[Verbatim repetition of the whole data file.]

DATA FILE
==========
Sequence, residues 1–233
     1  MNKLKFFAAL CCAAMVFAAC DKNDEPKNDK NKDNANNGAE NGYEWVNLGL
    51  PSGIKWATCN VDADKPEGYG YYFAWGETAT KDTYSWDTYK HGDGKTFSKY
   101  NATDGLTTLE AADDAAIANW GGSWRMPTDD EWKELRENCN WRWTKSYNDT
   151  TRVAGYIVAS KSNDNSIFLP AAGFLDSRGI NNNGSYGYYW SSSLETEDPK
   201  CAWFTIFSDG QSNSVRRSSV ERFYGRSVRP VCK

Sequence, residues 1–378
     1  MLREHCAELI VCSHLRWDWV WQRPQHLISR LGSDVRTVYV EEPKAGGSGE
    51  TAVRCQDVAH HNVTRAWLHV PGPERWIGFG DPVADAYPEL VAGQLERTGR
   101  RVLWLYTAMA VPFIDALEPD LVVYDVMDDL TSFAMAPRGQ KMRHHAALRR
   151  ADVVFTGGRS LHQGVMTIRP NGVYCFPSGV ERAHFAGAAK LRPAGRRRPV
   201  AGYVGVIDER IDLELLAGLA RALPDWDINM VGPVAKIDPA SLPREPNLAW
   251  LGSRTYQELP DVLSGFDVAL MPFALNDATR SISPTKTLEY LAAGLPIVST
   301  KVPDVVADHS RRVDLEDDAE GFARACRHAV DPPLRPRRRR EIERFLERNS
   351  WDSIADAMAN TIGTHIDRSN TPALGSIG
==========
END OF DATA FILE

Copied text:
Sequence, residues 1–233
     1  MNKLKFFAAL CCAAMVFAAC DKNDEPKNDK NKDNANNGAE NGYEWVNLGL
    51  PSGIKWATCN VDADKPEGYG YYFAWGETAT KDTYSWDTYK HGDGKTFSKY
   101  NATDGLTTLE AADDAAIANW GGSWRMPTDD EWKELRENCN WRWTKSYNDT
   151  TRVAGYIVAS KSNDNSIFLP AAGFLDSRGI NNNGSYGYYW SSSLETEDPK
   201  CAWFTIFSDG QSNSVRRSSV ERFYGRSVRP VCK

Sequence, residues 1–378
     1  MLREHCAELI VCSHLRWDWV WQRPQHLISR LGSDVRTVYV EEPKAGGSGE
    51  TAVRCQDVAH HNVTRAWLHV PGPERWIGFG DPVADAYPEL VAGQLERTGR
   101  RVLWLYTAMA VPFIDALEPD LVVYDVMDDL TSFAMAPRGQ KMRHHAALRR
   151  ADVVFTGGRS LHQGVMTIRP NGVYCFPSGV ERAHFAGAAK LRPAGRRRPV
   201  AGYVGVIDER IDLELLAGLA RALPDWDINM VGPVAKIDPA SLPREPNLAW
   251  LGSRTYQELP DVLSGFDVAL MPFALNDATR SISPTKTLEY LAAGLPIVST
   301  KVPDVVADHS RRVDLEDDAE GFARACRHAV DPPLRPRRRR EIERFLERNS
   351  WDSIADAMAN TIGTHIDRSN TPALGSIG